QUEST: It isn't that incompetent that they can't get the planes? I mean, you know, the other side of that coin is you can't make -- the bone for

safety reasons or otherwise, Airbus simply because of supply issues. They can't get the planes.

SUMERS: Yes. I've been coming to this conference for about 10 years now. I have never seen airline executives as angry as they are right now.

QUEST: But there's nothing they can do about --

SUMERS: There's absolutely nothing they can do about it except complain to you and me, which they've been doing ad nauseam.

QUEST: And yet, they're quite happy on another point, which is fascinating. They're making money, admittedly not a lot.

SUMERS: Three percent net margin.

QUEST: Six dollars, the price of a cup of coffee in this hotel, I'm told as to -- as to when (INAUDIBLE) they are making money though.

SUMERS: They are making money. And when you consider where this industry came from four years ago, people forget or they like to forget. This was

the worst aviation -- the worst economic crisis in aviation history. Nobody knew that these airlines were going to come back and now four years later,

this idea that they could make a margin, even if it's only three percent. It's a very big deal.

QUEST: And that three percent by the way distorts slightly because the only CEOs I've been talking to today were eight, nine, 11, 12 percent.

SUMERS: Yes. And some of them, of course are negative as well.

QUEST: Exactly. Exactly. What would you say is the mood here? Because you've been coming in a few years. What's the mood?

SUMERS: I think the mood is actually jovial. You know, you had this period of 2020 and 2021, where nobody knew what the future was going to be. And

then if you remember, you know, 2022 was not great because demand was back. There was revenge travel, but airlines couldn't fulfill that demand.

Passengers were so unhappy. Now we've kind of reached this equilibrium. Airlines are running pretty well. Airlines are making money. It's not what

it was. But at least people are optimistic for the future.

QUEST: Will you be on Project Sunrise?

SUMERS: I will be there with you. Can't wait.

QUEST: (INAUDIBLE) Vanessa decides to keep us posted on that plane.

SUMERS: I look forward to it.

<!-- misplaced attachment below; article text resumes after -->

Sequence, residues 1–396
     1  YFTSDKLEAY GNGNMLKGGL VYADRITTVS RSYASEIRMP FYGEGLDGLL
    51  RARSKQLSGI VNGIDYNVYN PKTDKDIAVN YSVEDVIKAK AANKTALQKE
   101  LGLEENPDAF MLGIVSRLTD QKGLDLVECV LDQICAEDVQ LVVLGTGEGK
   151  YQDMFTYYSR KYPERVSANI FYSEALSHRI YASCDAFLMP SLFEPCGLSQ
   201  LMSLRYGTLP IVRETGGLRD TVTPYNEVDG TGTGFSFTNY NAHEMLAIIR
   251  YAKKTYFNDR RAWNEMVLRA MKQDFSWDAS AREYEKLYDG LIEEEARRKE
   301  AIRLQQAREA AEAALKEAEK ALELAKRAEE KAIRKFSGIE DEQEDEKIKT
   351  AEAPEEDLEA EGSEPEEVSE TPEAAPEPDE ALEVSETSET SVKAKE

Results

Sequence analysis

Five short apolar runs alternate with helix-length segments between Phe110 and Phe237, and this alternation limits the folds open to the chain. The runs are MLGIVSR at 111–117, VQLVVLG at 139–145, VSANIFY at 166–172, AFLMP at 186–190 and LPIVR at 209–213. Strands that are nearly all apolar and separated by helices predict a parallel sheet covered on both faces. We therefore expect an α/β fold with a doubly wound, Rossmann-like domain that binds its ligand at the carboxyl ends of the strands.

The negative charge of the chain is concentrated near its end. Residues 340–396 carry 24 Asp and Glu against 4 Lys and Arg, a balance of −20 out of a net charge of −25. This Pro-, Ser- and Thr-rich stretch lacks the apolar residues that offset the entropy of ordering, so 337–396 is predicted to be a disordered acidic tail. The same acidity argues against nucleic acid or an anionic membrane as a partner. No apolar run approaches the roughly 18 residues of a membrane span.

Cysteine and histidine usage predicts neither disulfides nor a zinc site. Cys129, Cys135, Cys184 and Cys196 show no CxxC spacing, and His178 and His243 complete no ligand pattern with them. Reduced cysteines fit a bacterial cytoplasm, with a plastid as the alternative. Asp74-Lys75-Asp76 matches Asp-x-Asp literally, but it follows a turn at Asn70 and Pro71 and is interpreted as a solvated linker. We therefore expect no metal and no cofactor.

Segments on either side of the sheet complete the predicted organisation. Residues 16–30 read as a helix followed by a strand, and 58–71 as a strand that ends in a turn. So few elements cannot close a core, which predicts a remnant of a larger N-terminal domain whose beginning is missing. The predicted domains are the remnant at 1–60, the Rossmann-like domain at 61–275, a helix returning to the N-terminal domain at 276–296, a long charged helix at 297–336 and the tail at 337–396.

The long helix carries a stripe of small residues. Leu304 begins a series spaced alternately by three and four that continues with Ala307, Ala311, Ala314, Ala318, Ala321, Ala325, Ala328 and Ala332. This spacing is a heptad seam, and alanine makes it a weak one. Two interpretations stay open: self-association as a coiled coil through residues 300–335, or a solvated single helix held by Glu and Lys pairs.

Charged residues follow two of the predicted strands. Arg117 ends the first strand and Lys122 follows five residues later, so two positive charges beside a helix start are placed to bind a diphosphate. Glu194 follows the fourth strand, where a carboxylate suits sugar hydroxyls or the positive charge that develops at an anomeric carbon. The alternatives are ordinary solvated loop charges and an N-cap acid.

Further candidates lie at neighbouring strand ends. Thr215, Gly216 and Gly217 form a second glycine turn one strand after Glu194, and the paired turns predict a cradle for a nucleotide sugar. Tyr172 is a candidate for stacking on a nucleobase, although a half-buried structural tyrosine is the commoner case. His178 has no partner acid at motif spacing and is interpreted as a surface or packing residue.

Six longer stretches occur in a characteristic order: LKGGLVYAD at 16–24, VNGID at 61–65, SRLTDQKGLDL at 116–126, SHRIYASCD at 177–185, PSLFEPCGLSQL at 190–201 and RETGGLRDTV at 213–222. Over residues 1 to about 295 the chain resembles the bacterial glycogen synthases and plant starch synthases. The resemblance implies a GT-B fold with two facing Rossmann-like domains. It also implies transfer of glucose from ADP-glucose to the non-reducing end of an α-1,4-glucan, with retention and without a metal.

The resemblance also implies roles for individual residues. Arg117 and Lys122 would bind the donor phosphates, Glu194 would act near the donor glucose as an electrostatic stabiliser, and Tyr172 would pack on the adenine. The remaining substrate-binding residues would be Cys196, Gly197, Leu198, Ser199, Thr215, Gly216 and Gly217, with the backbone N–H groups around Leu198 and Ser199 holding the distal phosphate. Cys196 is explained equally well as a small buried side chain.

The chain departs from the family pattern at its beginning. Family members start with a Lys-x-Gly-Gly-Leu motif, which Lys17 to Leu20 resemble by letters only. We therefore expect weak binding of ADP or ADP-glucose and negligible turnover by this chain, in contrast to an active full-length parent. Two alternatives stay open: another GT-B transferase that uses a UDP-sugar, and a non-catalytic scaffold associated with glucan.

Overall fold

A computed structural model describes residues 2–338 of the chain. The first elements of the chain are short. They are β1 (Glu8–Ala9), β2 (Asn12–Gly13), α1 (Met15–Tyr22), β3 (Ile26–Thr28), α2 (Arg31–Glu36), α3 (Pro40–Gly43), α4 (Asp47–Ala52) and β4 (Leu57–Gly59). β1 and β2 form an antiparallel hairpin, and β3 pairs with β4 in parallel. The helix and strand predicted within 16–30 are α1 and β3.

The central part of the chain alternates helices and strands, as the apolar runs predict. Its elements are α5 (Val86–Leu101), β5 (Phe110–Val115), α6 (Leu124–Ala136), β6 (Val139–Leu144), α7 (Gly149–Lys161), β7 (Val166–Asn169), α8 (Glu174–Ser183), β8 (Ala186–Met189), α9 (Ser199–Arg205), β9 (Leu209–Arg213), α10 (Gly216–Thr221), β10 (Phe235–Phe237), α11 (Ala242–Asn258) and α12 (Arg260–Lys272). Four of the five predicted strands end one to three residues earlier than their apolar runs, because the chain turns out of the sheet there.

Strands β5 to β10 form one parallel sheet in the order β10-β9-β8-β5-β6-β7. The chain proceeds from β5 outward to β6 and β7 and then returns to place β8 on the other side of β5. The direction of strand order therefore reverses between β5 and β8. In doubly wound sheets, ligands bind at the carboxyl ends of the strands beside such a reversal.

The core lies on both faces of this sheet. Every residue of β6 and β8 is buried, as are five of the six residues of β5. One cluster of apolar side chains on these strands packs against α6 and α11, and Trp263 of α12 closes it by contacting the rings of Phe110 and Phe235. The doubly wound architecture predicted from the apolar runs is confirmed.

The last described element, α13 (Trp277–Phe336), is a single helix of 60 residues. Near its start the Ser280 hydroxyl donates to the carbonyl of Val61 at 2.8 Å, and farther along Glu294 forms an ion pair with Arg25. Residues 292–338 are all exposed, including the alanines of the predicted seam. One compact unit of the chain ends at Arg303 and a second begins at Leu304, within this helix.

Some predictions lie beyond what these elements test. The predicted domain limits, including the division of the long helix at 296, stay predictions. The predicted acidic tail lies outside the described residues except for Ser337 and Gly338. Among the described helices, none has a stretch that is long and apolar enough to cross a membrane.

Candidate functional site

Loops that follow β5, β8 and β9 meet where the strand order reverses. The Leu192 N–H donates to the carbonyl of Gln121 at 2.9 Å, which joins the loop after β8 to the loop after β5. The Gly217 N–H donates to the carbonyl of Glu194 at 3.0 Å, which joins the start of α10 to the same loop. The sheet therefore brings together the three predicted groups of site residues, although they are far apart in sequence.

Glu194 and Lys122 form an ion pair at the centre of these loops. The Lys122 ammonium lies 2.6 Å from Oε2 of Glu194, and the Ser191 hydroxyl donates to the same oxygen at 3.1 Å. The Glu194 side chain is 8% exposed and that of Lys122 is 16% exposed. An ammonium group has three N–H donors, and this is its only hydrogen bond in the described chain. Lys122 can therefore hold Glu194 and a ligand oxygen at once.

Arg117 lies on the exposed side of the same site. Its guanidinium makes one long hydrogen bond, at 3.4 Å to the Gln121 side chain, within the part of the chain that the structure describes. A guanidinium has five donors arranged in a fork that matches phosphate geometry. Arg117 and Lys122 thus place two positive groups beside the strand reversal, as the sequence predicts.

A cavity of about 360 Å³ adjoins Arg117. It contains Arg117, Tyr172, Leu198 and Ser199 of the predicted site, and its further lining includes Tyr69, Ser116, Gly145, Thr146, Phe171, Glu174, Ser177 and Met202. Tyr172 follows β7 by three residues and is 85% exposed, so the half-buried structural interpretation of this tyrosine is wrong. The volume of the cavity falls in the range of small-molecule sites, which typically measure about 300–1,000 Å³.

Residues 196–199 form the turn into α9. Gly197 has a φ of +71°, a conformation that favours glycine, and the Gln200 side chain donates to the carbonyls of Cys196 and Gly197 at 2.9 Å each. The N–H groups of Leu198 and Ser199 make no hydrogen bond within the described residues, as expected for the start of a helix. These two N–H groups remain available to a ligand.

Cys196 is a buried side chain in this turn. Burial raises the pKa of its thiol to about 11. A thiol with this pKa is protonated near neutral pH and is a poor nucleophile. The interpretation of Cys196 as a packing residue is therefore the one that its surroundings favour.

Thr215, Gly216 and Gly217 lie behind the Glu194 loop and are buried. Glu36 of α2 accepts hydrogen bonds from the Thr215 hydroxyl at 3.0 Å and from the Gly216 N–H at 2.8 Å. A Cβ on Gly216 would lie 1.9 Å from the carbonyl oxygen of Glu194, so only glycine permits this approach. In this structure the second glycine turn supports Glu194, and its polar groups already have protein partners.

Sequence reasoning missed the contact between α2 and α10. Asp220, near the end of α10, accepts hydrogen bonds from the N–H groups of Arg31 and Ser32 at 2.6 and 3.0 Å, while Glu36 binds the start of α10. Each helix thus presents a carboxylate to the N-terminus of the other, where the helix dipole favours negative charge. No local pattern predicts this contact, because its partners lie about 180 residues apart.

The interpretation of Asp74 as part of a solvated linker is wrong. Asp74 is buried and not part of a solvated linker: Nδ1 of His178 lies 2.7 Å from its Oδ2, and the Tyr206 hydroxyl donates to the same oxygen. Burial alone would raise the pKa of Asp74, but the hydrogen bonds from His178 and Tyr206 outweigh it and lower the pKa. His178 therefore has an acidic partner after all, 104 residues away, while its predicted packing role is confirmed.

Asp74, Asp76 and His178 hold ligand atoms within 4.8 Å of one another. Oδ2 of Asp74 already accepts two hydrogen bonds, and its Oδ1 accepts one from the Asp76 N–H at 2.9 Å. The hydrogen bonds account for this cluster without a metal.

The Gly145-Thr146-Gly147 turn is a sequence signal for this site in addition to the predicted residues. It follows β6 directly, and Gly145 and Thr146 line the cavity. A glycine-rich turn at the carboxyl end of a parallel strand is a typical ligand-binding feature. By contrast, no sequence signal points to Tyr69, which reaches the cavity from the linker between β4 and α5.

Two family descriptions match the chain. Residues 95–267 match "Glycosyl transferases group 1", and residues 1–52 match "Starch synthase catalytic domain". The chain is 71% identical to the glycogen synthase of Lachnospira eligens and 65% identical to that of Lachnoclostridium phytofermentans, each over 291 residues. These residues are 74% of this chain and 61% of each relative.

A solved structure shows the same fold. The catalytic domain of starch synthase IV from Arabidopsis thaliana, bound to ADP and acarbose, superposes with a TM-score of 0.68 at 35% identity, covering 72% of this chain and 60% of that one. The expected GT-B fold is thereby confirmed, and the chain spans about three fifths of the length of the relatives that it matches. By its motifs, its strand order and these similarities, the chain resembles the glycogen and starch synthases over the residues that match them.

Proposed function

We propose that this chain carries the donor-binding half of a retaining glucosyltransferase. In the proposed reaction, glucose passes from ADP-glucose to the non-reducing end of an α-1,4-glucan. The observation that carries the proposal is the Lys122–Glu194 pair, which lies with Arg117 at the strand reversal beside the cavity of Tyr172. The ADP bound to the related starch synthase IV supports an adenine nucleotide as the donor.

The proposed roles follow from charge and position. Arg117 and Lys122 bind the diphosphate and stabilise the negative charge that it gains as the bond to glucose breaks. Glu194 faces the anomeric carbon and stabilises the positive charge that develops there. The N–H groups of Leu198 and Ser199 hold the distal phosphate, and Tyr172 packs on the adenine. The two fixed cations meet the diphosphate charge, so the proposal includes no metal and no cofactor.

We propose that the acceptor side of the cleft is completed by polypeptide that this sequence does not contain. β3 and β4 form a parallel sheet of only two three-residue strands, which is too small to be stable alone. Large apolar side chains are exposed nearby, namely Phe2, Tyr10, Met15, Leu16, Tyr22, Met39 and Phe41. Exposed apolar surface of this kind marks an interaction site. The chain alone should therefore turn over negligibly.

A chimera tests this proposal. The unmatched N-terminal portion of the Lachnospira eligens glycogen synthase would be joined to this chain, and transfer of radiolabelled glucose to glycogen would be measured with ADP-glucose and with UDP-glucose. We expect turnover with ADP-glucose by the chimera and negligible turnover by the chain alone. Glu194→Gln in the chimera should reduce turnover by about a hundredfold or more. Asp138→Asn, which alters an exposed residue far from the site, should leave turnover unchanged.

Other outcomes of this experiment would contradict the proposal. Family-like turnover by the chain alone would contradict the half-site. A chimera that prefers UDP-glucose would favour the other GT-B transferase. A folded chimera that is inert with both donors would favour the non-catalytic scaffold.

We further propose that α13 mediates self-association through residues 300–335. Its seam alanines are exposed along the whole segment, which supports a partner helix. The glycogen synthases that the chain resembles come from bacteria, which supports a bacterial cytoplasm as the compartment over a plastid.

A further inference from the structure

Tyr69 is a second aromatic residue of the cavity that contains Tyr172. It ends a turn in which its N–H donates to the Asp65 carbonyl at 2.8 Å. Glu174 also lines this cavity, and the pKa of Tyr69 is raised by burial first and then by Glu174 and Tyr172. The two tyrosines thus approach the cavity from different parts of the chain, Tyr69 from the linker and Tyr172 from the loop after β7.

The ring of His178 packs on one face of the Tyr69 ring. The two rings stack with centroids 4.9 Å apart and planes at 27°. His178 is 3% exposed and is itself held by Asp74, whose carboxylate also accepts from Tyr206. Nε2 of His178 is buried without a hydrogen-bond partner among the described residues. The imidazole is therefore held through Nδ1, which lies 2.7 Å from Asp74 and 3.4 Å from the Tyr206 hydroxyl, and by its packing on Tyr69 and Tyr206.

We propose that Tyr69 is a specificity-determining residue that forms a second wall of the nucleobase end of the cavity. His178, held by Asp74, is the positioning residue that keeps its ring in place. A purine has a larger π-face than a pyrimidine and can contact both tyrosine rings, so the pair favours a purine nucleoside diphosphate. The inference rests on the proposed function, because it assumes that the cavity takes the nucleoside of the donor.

QUEST: Good to see you. Thank you, sir.

SUMERS: Thank you, Richard.

QUEST: It's vexing out here tonight. But it's good to be with you.

SUMERS: My pleasure.

QUEST: Thank you very much indeed. As we continue tonight, the president of Emirates tells me Boeing can right the ship. However, Tim Clark didn't

exactly give it a ringing endorsement. QUEST MEANS BUSINESS.



QUEST: Welcome back to Dubai. The IATA. And the general meeting. I sat down with the Emirates President Sir Tim Clark. The elder statesman, if you

will, in the industry. I'm sure wouldn't mind me calling him that Emirates is hosting this year's event. And so, Tim was the right person to comment

on Boeing. He has a vast fleet of 777 and hundreds on order, dozen certainly.

So Tim told me he thinks Boeing can turn a corner. But it may take time and different people.


TIM CLARK, PRESIDENT, AIRLINE EMIRATES: Boeing is going through a tough period. We know that Boeing has been one of the stalwarts of the business

afterwards global duopoly we're in now. Can they do the things that they need to do? Well, yes, they can. History tells us. The notion that Boeing

wouldn't be able to fix this going forward is unthinkable. They just need the right people to do it.

QUEST: The right people to do it suggest that the wrong people are doing it now.

CLARK: Your words, not mine.

QUEST: You haven't challenged them?

CLARK: No, I expect like any business is only as good as the people that work for it. A business will always be an operating model, will always be

driven. A successful operating model will be driven by the people at the top. And you need strong leadership, you need strong execution of the

model, you need laser focus on what you're doing.

QUEST: But it means that that it's still going to be extremely difficult in terms of delays, in terms of deliveries from Boeing and indeed from Amazon

for other reasons.

CLARK: Yes. I'm beginning to believe that we will have a five-year hiatus from today. So, will Boeing be able to recover its ramp up rates and

everything else get the supply chain in order, meet the demand from the existing customers plus the new ones coming after, we've got over 300

aircraft or including the Airbus aircraft. Will that all come into place at the time that everybody wants? I'm not optimistic.

QUEST: How much of the delivery question is now seriously impacting the growth plan or the growth trajectory that you've got?

CLARK: Well -- we, as far as Emirates is concerned, we have taken that decision I've just said about two years ago to retain and refresh our

existing fleet. Now, don't forget, those are 777 300ERs and three aces. We don't have a multi fleet operation. So, it's quite easy, not at the pace

that we would have liked but we'll live with it.